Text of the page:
Machiavelli's "The Prince" is a highly unique manuscript that outlines Machiavelli's views on effective leadership. This piece was meant to serve as a guide for what characteristics the ideal prince should possess. Machiavelli never stated who the actually "Prince" is but rather gives advice and examples on how someone would become the perfect ruler. The Prince was written in the early 1500s where "Popes were leading armies, and wealthy city-states of Italy were falling one after another into the hands of foreign power" (Wikipedia). It was a time of shifting alliances, politics, and the mentality of a larger army size would equate to a stronger country. We can observe with the drastic lives they lived, Machiavelli was partly influenced by his lifestyle. As an individual Machiavelli was naturally cynical about the human race and that profoundly influenced his work.
Machiavelli's main ideas on effective leadership were:1)A prince should prefer being feared rather than being loved.
Machiavelli suggests it is "much safer to be feared than loved" (The Prince, 3). When you strike fear in your minions then they will become more intimidated. He mentions that men are so easily manipulated that a skillful prince can control them at will. "Men, that they are ungrateful, fickle, false, cowardly, covetous, and as long as you succeed they are yours entirely; they will offer you their blood, property, life and children" (The Prince, 4). A prince that rules on love rather than fear wouldn't succeed in the real world because they are ruling on promises and friendships. Promises and friendships can easily be broken but striking fear is usually permanent for an effective Prince.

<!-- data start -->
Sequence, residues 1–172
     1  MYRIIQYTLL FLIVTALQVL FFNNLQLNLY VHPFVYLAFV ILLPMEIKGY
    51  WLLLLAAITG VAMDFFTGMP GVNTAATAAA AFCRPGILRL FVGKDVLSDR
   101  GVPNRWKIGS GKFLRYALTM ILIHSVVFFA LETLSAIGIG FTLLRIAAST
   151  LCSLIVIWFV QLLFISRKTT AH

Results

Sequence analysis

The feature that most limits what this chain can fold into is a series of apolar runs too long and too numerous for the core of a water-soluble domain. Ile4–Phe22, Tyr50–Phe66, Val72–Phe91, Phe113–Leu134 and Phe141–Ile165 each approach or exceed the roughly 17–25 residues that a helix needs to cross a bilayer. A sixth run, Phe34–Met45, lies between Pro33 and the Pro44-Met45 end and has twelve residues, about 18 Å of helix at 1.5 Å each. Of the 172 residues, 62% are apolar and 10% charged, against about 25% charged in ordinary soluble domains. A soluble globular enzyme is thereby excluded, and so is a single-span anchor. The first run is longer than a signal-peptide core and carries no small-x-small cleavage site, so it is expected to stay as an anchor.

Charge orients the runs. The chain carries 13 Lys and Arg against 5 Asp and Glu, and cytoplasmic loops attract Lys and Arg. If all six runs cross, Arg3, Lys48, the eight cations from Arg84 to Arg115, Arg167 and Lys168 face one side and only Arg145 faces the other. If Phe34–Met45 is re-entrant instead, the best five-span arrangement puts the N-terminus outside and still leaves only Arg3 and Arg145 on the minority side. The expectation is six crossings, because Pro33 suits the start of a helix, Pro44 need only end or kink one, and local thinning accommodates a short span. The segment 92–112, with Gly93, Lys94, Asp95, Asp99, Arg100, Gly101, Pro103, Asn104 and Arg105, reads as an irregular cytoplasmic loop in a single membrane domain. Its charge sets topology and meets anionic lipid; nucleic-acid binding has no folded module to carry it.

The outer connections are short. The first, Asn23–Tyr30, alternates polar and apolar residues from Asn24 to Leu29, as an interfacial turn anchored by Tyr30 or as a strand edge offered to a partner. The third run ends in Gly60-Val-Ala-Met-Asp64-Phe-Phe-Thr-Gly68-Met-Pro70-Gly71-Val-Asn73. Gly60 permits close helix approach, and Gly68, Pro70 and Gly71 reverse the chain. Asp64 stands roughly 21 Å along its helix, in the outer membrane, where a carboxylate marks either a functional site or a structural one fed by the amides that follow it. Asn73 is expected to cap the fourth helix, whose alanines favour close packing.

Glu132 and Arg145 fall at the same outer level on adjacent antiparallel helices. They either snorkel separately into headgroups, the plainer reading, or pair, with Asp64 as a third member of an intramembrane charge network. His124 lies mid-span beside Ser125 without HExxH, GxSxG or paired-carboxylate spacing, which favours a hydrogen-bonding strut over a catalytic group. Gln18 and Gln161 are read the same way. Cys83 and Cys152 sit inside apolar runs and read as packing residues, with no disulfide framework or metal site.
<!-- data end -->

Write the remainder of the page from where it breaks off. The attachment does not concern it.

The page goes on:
2)A Prince should have mean and liberal qualities.
In chapter XVI Machiavelli implies that a prince should possess both a harsh attitude...